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Lucifer (UK: /ˈluːsɪfər/ LOO-si-fərUS: /-sə-/; 'light-bringer') is a Latin name for the planet Venus in its morning appearances, and is often used for mythological and religious figures associated with the planet. Due to the unique movements and discontinuous appearances of Venus in the sky, mythology surrounding these figures often involved a fall from the heavens to earth or the underworld. Interpretations of a similar term in the Hebrew Bible, translated in the King James Version as "Lucifer", led to a Christian tradition of applying the name Lucifer, and its associated stories of a fall from heaven, to Satan. Most modern scholarship regards these interpretations as questionable, and translates the term in the relevant Bible passage (Isaiah 14:12) as "morning star" or "shining one" rather than as a proper name, "Lucifer".[1]

As a name for the Devil, the more common meaning in English, "Lucifer" is the rendering of the Hebrew word הֵילֵל‎ (transliteration: hêylêl; pronunciation: hay-lale)[2] in Isaiah (Isaiah 14:12) given in the King James Version of the Bible. The translators of this version took the word from the Latin Vulgate,[3] which translated הֵילֵל by the Latin word lucifer (uncapitalized),[4][5] meaning "the morning star, the planet Venus", or, as an adjective, "light-bringing".[6]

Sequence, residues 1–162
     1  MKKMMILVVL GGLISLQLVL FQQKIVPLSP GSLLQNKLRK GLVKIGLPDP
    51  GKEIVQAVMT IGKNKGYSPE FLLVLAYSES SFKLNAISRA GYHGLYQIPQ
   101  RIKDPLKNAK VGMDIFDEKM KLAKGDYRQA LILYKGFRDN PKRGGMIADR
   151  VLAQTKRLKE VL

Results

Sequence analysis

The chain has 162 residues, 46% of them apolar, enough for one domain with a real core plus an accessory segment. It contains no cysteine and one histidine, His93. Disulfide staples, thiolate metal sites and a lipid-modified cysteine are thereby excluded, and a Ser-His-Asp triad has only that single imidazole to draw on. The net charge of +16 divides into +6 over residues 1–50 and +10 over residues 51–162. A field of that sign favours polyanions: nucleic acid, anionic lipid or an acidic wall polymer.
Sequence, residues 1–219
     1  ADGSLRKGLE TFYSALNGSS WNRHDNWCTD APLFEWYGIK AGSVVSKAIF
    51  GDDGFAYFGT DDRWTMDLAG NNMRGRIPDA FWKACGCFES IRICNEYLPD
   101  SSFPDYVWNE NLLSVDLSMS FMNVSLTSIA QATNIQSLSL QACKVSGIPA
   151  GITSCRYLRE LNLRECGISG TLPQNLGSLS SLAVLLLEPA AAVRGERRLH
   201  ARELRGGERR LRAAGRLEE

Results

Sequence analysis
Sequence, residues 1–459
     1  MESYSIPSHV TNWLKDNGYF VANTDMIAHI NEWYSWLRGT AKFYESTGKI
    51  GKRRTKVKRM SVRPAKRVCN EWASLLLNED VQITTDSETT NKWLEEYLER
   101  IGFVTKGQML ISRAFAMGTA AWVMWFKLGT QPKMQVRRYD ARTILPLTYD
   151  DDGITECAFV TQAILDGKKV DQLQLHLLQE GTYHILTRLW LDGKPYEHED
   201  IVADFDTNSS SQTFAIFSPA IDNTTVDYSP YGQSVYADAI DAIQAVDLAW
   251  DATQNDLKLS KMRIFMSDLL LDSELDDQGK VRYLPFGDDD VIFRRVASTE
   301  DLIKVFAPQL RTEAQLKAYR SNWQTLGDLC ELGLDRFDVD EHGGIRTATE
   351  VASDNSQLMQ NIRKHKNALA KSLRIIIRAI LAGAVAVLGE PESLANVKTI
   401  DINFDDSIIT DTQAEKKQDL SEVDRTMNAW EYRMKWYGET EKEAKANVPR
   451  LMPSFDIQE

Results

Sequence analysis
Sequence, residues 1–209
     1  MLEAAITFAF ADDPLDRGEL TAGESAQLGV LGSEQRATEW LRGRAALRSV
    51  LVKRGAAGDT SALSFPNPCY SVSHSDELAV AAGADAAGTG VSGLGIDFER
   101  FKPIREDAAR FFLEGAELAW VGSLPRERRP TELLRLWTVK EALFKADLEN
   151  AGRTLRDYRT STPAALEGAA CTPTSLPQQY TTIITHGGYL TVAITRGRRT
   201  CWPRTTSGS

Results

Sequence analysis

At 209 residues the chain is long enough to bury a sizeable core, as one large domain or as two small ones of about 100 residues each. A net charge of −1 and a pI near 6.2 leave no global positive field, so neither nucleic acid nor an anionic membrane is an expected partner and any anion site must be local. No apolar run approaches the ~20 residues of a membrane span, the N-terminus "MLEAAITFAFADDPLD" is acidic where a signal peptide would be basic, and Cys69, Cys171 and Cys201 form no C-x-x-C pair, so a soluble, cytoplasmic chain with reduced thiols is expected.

As a name for the planet in its morning aspect, "Lucifer" is a proper name and is capitalized in English. In Greco-Roman civilization, it was often personified and considered a god[7]and in some versions considered a son of Aurora (the Dawn).[8]

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